Noticeably absent – one of the 800-pound gorillas in the appellation, Inglenook, formerly called Rubicon, and before that Niebaum-Coppola. You know the place, you know the owner, Francis Ford Coppola.
Why the no-show? Insiders refer to the fact that there are a lot of changes being made internally as the winery converts all its brands, labels, and merchandise to Inglenook.
“This will take some time to complete,” one insider told napaman.com. I suspect we’ll see Inglenook in full play next year.
I sampled Inglenook’s recent releases at the winery last weekend and they are seriously good wines that likely would have shown well today at the Rutherford Dust Society Tasting.
FYI: The Rutherford Dust Society was founded in 1994 by growers and vintners to carry on the legacy of grape growing and winemaking, which started here eons ago.
The revered, late winemaker André Tchelistcheff said it best:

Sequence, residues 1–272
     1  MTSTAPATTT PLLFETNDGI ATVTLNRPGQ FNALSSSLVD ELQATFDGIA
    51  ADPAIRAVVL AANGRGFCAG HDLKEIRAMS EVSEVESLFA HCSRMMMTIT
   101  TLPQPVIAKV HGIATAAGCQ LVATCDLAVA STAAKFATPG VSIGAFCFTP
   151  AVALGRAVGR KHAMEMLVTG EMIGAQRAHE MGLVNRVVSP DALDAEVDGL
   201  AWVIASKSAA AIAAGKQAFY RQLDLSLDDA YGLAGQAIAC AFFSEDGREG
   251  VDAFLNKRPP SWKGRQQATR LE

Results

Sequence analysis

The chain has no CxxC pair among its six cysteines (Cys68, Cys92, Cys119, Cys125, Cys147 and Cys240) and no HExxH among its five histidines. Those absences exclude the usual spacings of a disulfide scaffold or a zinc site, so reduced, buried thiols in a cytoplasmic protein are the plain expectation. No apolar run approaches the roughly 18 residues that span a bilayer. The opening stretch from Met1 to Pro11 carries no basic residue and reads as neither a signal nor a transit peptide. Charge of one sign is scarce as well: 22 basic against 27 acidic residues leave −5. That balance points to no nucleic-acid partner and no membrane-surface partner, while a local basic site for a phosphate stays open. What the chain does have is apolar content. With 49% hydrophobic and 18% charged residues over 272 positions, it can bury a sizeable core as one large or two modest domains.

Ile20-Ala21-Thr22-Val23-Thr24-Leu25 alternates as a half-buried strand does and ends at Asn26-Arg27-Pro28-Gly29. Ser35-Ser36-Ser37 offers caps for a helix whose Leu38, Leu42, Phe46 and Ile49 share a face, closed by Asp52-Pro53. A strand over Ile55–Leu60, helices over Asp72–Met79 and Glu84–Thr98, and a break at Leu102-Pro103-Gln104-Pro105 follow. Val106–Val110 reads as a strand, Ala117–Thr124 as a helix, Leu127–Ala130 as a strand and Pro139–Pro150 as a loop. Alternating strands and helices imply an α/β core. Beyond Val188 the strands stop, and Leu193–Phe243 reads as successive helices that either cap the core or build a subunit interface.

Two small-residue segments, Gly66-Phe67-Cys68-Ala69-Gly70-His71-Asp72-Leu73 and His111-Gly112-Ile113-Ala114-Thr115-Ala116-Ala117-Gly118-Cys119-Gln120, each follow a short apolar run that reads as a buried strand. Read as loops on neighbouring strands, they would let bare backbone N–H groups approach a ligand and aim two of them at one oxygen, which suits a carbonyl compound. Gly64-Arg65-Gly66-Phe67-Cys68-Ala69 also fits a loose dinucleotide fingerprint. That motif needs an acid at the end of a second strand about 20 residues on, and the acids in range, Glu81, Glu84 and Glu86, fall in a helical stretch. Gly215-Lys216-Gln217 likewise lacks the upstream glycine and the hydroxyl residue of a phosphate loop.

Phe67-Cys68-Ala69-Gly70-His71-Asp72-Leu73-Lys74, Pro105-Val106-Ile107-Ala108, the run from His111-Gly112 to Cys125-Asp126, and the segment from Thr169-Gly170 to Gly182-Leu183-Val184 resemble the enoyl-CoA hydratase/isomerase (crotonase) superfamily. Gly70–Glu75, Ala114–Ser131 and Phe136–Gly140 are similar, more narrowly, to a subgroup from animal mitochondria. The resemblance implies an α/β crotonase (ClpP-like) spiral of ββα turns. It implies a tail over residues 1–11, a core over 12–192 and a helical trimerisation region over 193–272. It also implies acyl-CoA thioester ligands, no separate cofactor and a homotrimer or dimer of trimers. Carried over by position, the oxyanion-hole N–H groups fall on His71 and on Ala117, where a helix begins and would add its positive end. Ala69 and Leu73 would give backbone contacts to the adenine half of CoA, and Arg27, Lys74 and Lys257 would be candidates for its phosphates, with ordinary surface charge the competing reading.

"It takes Rutherford dust to grow great Cabernet."
What is fondly referred to as "Rutherford dust," has come to reflect a “commitment to quality, a spirit of achievement and a deep connection to Rutherford's soil,” says the Board of the Rutherford Dust Society.
Napaman.com readers wishing to experience their own Rutherford Tasting must be patient... please circle Dec. 6, 7 and 8 on your calendar this year, the weekend of this year’s annual, Rutherford Passport Weekend.
Participants will visit Rutherford wineries and be treated to exclusive barrel tastings, food pairings and entertainment. You can even speak with winemakers and share your observations about their wine. (Careful – some of them are permitted to pack more than a corkscrew...).
Details to come at rutherford-appellation-wineries.com